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updated: 8/6/2013 7:23 AM

Late-payment rate on mortgages fell in 2Q

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  • Homeowners are doing a better job of making timely mortgage payments, a trend that brought down the national late-payment rate on home loans in the second quarter to the lowest level in five years.

      Homeowners are doing a better job of making timely mortgage payments, a trend that brought down the national late-payment rate on home loans in the second quarter to the lowest level in five years.

 
Associated Press

LOS ANGELES -- Homeowners are doing a better job of making timely mortgage payments, a trend that brought down the national late-payment rate on home loans in the second quarter to the lowest level in five years.

The percentage of mortgage holders at least two months behind on their payments fell in the April-June quarter to 4.09 percent from 5.49 percent a year earlier, credit reporting agency TransUnion said Tuesday.

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The latest rate also declined from 4.56 percent in the first three months of the year.

The last time the mortgage delinquency rate was lower was the third quarter of 2008, a time when home prices were sliding and the U.S. economy was in recession.

Five years later, U.S. home sales and prices are rising, fueled by moderate but stable job gains, still-low mortgage interest rates, few homes for sale and a slowdown in foreclosures.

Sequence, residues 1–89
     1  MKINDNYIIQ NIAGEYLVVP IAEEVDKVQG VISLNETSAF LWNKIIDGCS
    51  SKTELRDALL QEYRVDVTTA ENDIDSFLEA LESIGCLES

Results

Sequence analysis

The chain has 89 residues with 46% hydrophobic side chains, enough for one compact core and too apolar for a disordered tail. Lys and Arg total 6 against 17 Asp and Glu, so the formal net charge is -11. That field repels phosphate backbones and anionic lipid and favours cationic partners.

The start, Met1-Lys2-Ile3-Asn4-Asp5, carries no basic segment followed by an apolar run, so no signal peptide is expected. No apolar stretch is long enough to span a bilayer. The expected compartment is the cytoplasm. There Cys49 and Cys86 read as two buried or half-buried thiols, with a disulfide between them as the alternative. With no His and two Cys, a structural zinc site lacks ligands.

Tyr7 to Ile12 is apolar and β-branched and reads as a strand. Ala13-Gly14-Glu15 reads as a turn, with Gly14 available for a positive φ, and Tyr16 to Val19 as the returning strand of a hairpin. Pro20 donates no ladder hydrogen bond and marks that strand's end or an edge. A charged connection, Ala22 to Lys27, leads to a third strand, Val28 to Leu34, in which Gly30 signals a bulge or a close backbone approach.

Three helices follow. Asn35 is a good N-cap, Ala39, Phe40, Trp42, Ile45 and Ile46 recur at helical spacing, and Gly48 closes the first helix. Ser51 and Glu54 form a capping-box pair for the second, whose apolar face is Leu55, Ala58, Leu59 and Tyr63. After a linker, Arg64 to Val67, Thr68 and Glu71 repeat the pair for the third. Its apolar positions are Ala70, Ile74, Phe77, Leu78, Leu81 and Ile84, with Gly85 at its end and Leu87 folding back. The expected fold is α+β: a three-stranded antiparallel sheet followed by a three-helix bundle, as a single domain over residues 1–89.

Low mortgage rates have made it possible for more homeowners to refinance and lower their monthly payments. And rising home prices have helped homeowners who were "underwater" on their mortgage -- when they owed more than the home is worth -- return to positive equity. That, in turn, has opened the door for those borrowers to qualify for refinancing.

"So as prices come up, more and more of those people come off the cusp and are actually able to take advantage of those low rates," said Tim Martin, TransUnion's group vice president of U.S. housing.

The rate of late payments on home loans has been steadily improving over the past four quarters.

The second-quarter mortgage delinquency rate represents the biggest quarterly decline on record for TransUnion, whose data go back to 1992.

Even so, the mortgage delinquency rate is still above the 1 percent to 2 percent average historical range, an indication that many homeowners still are struggling to make their payments.

Before the housing bust, mortgage delinquencies were running at less than 2 percent nationally. They peaked at nearly 7 percent in the fourth quarter of 2009.

The late-payment rate in the April-June quarter improved in every state, with Arizona posting the biggest annual decline. The state's mortgage delinquency rate was for the quarter was 3.6 percent, down about 42 percent from the second quarter last year.

California, with a rate of 3.6 percent, and Colorado (2.3 percent) also had steep annual declines in the rate of late payments.

Florida had the highest mortgage delinquency rate in the nation at nearly 9.9 percent, even though it declined about 27 percent from a year earlier.

TransUnion, which draws its data from a sample of 27 million consumer records, anticipates the national mortgage delinquency rate will continue to decline in the third quarter, finishing below 4 percent.

"We're still a long way from what we'd call normal," Martin said.

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